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Blood Glucose at Admission Could Serve as Prognostic Marker in Emergency Departments

Data from a retrospective analysis of emergency department visits in Sweden from a decade-long period suggests random glucose level measurements at admission could serve as a prognostic marker for all-cause mortality and cardiovascular disease among people without diabetes.

Using data from more than 600,000 patients with a mean follow-up of 3.9 years, results of the study demonstrate patients with disturbed blood glucose were at a greater mortality risk, with a hyperglycemia associated with a 2-fold increase in long-term mortality and a more than doubling in risk of cardiovascular events compared to their normoglycemic counterparts.

“The present result from this large observational study confirms earlier short-, and long-term studies but also suggests that a random blood glucose level at admission predicts death and cardiovascular outcome in patients without known diabetes at a long follow-up period,” wrote investigators.

Conducted by a team from Karolinska Institutet and Karolinska University Hospital, the current research endeavor was undertaken as with the intent of exploring whether elevated blood glucose levels could predict cardiovascular disease and all-cause mortality risk in people without a history of diabetes. With this in mind, investigators designed their study as a retrospective cohort study of patient data recorded from 2006-2016 obtained from a group of 7 hospitals in Stockholm and Gothenburg, Sweden.

Using only the first visit emergency department visit for each individual, investigators identified 618,694 patients with a mean follow-up time of 3.9 years for inclusion in their analysis. Based on baseline blood glucose level patients were categorized into four groups: hypoglycemia (less than 3.9 mmol/L), normal glucose tolerance (3.9-7.8 mmol/L), dysglycemia (7.8-11.1 mmol/L), and hyperglycemia (greater than 11.1 mmol/L). Using this as the exposure of interest, investigators used Cox regression to estimate risk of all-cause mortality and cardiovascular outcomes across these groups.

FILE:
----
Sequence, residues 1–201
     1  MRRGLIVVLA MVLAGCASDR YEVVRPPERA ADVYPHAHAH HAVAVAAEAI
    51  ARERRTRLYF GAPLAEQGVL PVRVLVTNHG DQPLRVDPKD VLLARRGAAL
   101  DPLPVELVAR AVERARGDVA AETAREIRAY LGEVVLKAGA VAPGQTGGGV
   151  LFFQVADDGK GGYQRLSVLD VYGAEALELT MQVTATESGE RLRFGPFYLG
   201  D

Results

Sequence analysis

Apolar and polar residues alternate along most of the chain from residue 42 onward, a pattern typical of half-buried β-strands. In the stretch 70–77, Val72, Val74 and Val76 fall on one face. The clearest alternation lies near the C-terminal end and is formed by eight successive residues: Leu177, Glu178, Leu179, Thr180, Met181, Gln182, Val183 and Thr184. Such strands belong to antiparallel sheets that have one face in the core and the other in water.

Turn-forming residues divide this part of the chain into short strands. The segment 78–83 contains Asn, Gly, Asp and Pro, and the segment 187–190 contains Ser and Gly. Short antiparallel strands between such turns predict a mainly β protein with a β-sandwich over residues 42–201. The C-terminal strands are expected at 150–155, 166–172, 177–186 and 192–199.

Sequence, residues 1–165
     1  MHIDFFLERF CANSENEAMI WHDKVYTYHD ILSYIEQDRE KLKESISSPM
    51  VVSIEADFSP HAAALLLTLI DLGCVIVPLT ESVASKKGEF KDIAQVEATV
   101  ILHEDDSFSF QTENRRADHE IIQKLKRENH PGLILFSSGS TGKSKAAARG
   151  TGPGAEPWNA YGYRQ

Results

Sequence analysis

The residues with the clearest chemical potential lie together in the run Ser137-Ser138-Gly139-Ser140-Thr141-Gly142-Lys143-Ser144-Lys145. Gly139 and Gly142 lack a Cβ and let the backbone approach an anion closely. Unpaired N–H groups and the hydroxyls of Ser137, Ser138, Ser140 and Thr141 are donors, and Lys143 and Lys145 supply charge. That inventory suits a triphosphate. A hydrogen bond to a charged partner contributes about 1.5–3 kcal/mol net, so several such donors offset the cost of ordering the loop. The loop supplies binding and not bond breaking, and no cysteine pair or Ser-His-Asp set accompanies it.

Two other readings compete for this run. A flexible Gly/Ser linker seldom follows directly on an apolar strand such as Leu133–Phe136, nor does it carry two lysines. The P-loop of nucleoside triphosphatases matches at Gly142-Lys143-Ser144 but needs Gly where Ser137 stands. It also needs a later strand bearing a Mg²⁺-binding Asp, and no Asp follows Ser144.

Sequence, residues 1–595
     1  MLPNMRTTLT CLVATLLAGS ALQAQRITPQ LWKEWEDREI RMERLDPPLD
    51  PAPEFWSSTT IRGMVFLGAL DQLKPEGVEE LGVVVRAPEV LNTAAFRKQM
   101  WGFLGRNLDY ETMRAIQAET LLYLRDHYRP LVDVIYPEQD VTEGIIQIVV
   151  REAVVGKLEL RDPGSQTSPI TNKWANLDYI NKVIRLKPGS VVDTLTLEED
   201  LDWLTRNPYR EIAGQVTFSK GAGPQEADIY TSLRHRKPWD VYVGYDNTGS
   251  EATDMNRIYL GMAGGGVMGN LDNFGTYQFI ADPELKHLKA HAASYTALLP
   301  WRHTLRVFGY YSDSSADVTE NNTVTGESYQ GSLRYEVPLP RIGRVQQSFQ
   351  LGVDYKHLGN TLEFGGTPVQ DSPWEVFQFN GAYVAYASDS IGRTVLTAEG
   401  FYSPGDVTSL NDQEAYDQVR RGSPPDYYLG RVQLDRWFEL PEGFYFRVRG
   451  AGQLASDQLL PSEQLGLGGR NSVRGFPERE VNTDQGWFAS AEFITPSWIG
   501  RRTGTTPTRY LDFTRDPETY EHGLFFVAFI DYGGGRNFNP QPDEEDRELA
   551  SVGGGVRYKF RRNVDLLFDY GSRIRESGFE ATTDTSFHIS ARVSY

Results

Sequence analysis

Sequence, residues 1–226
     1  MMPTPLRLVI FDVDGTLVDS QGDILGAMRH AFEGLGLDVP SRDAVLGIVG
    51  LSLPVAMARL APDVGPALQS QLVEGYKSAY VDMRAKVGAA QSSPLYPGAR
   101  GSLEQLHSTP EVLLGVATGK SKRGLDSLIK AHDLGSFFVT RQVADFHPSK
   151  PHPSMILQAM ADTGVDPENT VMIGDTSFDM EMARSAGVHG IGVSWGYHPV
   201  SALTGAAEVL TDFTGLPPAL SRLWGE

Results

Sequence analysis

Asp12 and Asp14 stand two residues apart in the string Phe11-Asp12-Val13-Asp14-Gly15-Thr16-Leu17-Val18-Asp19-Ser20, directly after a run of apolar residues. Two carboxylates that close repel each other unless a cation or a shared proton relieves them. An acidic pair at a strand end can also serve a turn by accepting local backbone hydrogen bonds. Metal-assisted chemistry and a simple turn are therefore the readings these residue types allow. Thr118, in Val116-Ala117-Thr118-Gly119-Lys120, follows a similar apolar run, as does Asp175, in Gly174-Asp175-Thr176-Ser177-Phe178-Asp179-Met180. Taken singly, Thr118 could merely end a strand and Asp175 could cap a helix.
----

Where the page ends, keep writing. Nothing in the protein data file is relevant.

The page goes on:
Of the 618,694 patients included in the study, 0.3% had hypoglycemia, 85% had normal glucose tolerance, 13% had dysglycemia, and 2% patients had hyperglycemia. During the follow-up period, a total of 44,532 deaths occurred among the study cohort. Of these 44,532 patient deaths, 11.5% had hypoglycemia, 6.0% had normal glucose tolerance, 12.7% had dysglycemia, and 20.6% patients had hyperglycemia.

When assessing for risk of all-cause mortality, an increased risk was observed for those with hypoglycemia (HR, 2.58 [95% CI, 2.26-2.96]), hyperglycemia (HR, 1.69 [95% CI, 1.63-1.76]) and dysglycemia (HR 1.16 [95% CI, 1.13-1.19]) when compared to their counterparts with normal glucose tolerance. When assessing for risk of cardiovascular disease events, a more than doubling in risk was observed for hyperglycemia (HR, 2.28 [95% CI, 2.13-2.44]) compared to those with normal glucose tolerance.

“This indicates that a random blood glucose in the ED can help identify patients at risk and further controlled studies to improve their outcome should be considered,” investigators concluded.

This study, “Admission glucose as a prognostic marker for all‑cause mortality and cardiovascular disease,” was published in Cardiovascular Diabetology.